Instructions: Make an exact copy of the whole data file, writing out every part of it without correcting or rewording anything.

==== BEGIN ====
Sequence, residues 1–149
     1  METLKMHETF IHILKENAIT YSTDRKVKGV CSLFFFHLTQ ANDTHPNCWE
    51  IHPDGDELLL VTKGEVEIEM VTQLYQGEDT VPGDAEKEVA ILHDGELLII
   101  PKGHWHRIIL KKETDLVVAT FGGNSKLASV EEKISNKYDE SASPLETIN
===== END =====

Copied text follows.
Sequence, residues 1–149
     1  METLKMHETF IHILKENAIT YSTDRKVKGV CSLFFFHLTQ ANDTHPNCWE
    51  IHPDGDELLL VTKGEVEIEM VTQLYQGEDT VPGDAEKEVA ILHDGELLII
   101  PKGHWHRIIL KKETDLVVAT FGGNSKLASV EEKISNKYDE SASPLETIN